How to Present at a Travel Conference
At a recent travel conference we presented a session on time management. Whilst delivering this to a group of successful travel homeworkers, we reflected on the many presentations we have seen over the years from attending larger conferences in the travel industry.
The presenters really split into 3 types:
1. The Travel Pro
2. The Travel Sponsor
3. The Grandee
There are also ‘panel’ sessions where the audience basically watch somebody else’s prepared conversation.
There are clearly variations on these types but that’s pretty much it.
The Sponsor has the hardest job because it’s very difficult to present a valuable perspective from a company with a vested interest.
The Grandee has got to think about voice, tone and stance. Sitting there agreeing with people is one thing, what people want is the challenging ‘thought leadership’ - which is what sessions like this must contain to deliver value for attendees. If you are a Grandee (and you probably know you are), then only agree to appear if you have something really challenging to present that will spark debate. As a Grandee you are in a far better position to state something controversial or new, and get the industry as a whole commenting and discussing it.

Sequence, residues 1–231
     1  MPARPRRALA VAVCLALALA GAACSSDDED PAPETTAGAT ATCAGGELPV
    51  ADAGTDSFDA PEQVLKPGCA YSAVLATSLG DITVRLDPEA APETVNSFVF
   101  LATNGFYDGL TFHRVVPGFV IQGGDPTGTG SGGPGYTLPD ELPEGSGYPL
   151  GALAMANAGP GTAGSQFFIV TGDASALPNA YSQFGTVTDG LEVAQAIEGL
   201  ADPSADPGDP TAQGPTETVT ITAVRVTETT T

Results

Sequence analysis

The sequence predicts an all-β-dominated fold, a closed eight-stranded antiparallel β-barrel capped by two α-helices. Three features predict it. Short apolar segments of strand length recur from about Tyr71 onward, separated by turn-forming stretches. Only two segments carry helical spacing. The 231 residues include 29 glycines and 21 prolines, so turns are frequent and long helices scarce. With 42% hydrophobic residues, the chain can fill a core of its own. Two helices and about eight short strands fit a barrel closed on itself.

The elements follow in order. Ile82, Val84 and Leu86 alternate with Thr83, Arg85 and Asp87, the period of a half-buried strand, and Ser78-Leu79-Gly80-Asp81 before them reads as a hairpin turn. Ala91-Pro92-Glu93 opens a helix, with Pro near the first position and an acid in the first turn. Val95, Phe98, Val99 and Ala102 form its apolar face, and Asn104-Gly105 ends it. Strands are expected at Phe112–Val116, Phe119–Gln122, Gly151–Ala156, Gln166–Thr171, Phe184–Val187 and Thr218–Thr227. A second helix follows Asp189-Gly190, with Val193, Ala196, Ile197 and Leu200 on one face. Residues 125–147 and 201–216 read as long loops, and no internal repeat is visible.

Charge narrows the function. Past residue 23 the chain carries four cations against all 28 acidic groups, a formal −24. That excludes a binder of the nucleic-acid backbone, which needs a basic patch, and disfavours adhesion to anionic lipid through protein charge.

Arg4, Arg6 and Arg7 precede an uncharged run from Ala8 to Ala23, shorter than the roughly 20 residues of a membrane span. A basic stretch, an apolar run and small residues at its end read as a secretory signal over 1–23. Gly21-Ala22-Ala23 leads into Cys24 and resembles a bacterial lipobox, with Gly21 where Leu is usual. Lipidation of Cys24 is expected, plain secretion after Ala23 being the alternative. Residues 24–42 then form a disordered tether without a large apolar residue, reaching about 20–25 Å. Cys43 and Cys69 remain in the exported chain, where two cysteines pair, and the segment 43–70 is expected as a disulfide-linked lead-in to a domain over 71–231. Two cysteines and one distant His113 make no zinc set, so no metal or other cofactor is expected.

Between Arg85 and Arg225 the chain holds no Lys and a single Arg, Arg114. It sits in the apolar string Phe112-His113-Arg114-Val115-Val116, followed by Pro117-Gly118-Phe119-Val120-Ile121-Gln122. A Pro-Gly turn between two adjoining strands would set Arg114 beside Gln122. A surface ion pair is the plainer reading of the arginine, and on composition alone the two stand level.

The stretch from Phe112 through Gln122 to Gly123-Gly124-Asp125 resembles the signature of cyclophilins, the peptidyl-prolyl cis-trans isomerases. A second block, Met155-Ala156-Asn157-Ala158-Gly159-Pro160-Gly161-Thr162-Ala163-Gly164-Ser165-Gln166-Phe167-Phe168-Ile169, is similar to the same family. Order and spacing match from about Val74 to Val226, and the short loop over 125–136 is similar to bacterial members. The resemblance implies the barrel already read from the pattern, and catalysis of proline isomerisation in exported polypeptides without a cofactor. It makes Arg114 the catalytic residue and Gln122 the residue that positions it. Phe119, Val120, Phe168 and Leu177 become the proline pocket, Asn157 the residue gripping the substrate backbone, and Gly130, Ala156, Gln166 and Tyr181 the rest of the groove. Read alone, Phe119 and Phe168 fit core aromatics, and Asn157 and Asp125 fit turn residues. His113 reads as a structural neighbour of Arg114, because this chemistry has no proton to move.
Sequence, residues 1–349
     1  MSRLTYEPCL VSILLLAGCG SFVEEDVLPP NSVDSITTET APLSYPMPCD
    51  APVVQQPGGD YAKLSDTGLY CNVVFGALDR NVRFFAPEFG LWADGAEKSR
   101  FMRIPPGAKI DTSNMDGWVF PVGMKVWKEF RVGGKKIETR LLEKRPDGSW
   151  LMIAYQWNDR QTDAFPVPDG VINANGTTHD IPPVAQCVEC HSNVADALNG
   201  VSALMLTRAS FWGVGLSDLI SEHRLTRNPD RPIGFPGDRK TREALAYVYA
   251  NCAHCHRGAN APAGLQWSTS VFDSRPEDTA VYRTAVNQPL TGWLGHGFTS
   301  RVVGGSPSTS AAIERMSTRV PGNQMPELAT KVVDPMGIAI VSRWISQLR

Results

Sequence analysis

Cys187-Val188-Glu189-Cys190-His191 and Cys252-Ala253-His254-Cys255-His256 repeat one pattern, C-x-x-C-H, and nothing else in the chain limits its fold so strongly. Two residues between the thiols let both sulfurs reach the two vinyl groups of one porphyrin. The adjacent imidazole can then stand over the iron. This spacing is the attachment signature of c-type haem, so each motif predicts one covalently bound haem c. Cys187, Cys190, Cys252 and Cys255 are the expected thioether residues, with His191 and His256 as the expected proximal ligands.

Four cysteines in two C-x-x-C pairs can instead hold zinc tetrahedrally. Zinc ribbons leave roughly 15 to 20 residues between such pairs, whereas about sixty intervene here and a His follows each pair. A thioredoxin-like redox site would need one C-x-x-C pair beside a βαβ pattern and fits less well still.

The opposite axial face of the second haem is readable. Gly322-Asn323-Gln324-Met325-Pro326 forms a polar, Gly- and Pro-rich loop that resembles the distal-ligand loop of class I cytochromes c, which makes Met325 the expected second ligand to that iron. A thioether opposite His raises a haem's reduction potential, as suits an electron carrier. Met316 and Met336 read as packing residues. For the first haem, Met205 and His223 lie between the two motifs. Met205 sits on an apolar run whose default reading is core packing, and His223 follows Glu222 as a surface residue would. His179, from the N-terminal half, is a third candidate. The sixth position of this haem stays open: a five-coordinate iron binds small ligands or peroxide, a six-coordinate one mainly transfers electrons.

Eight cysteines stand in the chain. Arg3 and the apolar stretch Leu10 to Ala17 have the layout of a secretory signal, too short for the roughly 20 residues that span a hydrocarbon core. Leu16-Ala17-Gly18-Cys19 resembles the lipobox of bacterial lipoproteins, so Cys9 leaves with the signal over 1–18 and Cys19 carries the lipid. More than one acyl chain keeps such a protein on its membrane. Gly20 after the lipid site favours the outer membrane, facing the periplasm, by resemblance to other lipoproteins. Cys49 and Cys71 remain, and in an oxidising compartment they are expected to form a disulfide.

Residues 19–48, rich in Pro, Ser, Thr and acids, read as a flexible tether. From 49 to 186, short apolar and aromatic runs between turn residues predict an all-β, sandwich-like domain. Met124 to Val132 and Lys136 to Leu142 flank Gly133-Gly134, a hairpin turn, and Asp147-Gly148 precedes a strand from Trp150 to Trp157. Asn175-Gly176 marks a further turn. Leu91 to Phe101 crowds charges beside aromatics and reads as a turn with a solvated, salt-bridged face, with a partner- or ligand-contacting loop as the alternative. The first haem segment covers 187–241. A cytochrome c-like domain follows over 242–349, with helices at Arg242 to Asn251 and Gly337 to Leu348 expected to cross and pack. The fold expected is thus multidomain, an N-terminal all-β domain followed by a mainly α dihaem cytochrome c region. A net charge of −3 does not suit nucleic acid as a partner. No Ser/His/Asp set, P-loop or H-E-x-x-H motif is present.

The Travel Pro would seem to have it all. They are challenging because they face the future and eagerly anticipate the uncertainty that it brings. They are there to take the industry forward and help you throw out old thinking. Get on with it, keep it brief, make it funny. Have 3 core messages. Challenge the room to really think about the future, and change.
So what are our top tips?
Travel Pro – make sure you are speaking at every conference – your vision is very much needed.
Travel Sponsor – ditch the presentation and present something radical - ‘You thought I was going to talk about data? No way, I’m going to talk about adventure!’
The Grandee – shake things up - ‘We’ve been doing things wrong for 40 years!’ or ‘Here’s how to save the industry...’
As for the ‘panel’ sessions, let’s leave these to plenary sessions and keep the big stage for the Travel Pro!
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